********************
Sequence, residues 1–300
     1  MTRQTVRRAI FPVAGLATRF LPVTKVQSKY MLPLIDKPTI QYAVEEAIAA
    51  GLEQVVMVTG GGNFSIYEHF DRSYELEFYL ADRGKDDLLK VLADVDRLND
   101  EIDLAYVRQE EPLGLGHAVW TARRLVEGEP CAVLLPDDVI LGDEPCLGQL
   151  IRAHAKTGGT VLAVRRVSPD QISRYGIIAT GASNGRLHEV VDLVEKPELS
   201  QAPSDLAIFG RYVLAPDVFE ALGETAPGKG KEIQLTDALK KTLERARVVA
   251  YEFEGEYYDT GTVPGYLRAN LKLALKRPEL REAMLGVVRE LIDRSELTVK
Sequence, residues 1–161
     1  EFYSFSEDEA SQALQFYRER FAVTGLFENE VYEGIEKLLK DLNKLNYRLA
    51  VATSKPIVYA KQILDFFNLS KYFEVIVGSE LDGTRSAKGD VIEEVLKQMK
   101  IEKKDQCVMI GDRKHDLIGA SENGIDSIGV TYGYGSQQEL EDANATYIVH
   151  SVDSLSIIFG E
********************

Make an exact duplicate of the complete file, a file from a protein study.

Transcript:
Sequence, residues 1–300
     1  MTRQTVRRAI FPVAGLATRF LPVTKVQSKY MLPLIDKPTI QYAVEEAIAA
    51  GLEQVVMVTG GGNFSIYEHF DRSYELEFYL ADRGKDDLLK VLADVDRLND
   101  EIDLAYVRQE EPLGLGHAVW TARRLVEGEP CAVLLPDDVI LGDEPCLGQL
   151  IRAHAKTGGT VLAVRRVSPD QISRYGIIAT GASNGRLHEV VDLVEKPELS
   201  QAPSDLAIFG RYVLAPDVFE ALGETAPGKG KEIQLTDALK KTLERARVVA
   251  YEFEGEYYDT GTVPGYLRAN LKLALKRPEL REAMLGVVRE LIDRSELTVK
Sequence, residues 1–161
     1  EFYSFSEDEA SQALQFYRER FAVTGLFENE VYEGIEKLLK DLNKLNYRLA
    51  VATSKPIVYA KQILDFFNLS KYFEVIVGSE LDGTRSAKGD VIEEVLKQMK
   101  IEKKDQCVMI GDRKHDLIGA SENGIDSIGV TYGYGSQQEL EDANATYIVH
   151  SVDSLSIIFG E